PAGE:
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The Mortgage Recording Tax in NYC

What is the Mortgage Recording Tax in NYC? How much is the Mortgage Recording Tax and how is it calculated? Who pays the Mortgage Recording Tax and is it negotiable? How can you reduce your tax liability with a purchase CEMA loan? Where do you file MT-15 (Mortgage Recording Tax Return)?

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What Is the Mortgage Recording Tax in NYC?

The mortgage recording tax in NYC is a transaction tax levied by New York State and New York City on all new mortgages funded. The mortgage recording tax in NYC is a percentage of the new mortgage debt amount, and applies to new mortgages for acquisitions as well as refinancings.

The mortgage recording tax in NYC only applies to mortgage debt on real property, meaning condos, townhouses, multi-family properties etc. The mortgage recording tax is not applicable for loans backed by co-op apartment shares since coops are not considered to be real property. Furthermore, the Mortgage Recording Tax only applies if the purchaser will be utilizing financing. No tax is due for all cash purchases made without a mortgage.

The mortgage recording tax in NYC is a transaction tax levied by New York State and New York City on all new mortgages funded. The mortgage recording tax in NYC is a percentage of the new mortgage debt amount, and applies to new mortgages for acquisitions as well as refinancings.

The mortgage recording tax in NYC only applies to mortgage debt on real property, meaning condos, townhouses, multi-family properties etc.

The mortgage recording tax is not applicable for loans backed by co-op apartment shares since coops are not considered to be real property. Furthermore, the Mortgage Recording Tax only applies if the purchaser will be utilizing financing. No tax is due for all cash purchases made without a mortgage.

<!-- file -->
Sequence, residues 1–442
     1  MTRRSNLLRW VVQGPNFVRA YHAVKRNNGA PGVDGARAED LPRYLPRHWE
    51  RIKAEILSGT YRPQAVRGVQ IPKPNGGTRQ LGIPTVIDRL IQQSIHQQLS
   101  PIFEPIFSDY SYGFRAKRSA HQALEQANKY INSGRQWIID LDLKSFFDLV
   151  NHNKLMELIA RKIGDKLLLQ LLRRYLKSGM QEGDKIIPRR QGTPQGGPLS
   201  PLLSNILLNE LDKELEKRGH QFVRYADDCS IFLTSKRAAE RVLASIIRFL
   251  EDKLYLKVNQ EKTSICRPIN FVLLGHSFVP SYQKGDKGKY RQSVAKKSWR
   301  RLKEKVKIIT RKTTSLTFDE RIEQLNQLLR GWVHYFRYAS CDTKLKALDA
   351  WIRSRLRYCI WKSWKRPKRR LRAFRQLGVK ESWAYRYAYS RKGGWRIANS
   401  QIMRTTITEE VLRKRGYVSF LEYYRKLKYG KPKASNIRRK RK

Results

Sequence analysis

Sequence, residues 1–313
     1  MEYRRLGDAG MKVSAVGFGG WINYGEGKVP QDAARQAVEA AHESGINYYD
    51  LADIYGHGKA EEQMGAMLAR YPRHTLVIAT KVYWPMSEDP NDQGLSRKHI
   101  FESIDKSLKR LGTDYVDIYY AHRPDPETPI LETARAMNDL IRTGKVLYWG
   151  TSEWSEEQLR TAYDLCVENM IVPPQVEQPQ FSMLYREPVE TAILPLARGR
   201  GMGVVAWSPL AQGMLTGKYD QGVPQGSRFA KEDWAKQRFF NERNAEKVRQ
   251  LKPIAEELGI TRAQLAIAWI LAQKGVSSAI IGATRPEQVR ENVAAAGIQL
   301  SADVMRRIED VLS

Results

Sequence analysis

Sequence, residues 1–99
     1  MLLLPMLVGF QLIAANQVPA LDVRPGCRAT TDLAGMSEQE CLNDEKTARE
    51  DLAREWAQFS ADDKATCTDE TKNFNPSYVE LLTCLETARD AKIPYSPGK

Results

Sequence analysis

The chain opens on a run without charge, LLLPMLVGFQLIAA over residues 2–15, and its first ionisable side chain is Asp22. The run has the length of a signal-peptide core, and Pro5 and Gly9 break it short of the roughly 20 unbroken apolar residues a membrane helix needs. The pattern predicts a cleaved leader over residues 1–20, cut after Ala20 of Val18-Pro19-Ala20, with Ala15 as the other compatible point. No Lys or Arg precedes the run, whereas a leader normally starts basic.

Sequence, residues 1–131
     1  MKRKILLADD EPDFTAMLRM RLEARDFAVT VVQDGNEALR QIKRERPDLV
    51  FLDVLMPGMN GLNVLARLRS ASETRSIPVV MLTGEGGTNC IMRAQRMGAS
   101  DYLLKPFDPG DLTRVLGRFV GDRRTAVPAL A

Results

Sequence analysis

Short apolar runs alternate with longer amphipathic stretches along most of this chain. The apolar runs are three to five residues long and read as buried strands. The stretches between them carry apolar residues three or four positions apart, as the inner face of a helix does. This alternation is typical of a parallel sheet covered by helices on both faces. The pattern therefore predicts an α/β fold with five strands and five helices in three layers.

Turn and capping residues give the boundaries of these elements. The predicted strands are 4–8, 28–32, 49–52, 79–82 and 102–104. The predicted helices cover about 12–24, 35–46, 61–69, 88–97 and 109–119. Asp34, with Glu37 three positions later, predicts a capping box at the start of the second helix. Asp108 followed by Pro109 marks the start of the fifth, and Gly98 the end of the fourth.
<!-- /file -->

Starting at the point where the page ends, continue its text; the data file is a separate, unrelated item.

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How Much Is the Mortgage Recording Tax in NYC?

The Mortgage Recording Tax in NYC varies depending on the size and classification of the mortgage, and is composed of both a New York City tax as well as New York State’s Basic Tax, Special Additional Tax and Additional Tax. The rates are as follows:

All mortgages with initial loan balances less than $500,000

  • 2.05% of the initial mortgage principal (includes a 1% New York City tax)

Mortgages of one to three family houses and individual residential condo units with initial loan balances of $500,000 or more

  • 2.175% of the initial mortgage principal (includes a 1.125% New York City tax)

All other mortgages with initial loan balances of $500,000 or more

  • 2.8% of the initial mortgage principal (includes a 1.75% New York City tax)

Note: For residential transactions, the mortgage lender will typically pay 0.25% of the total Mortgage Recording Tax. For commercial transactions and “hard money” loans, the lender will typically not pay for any of the Mortgage Recording Tax.

The Mortgage Recording Tax is not unique to NYC; however, the Mortgage Recording Tax in NYC is dramatically higher than the tax rates in other counties in New York. For example, the total Mortgage Recording Tax in Westchester County, NY is only 1.3%. The Mortgage Recording Tax in other New York counties are typically 1% or 1.25%, though you will see a few counties such as Ulster and Madison charge as low as 0.75%. Check out the tax tables yourself on Form MT-15, otherwise known as the Mortgage Recording Tax Return.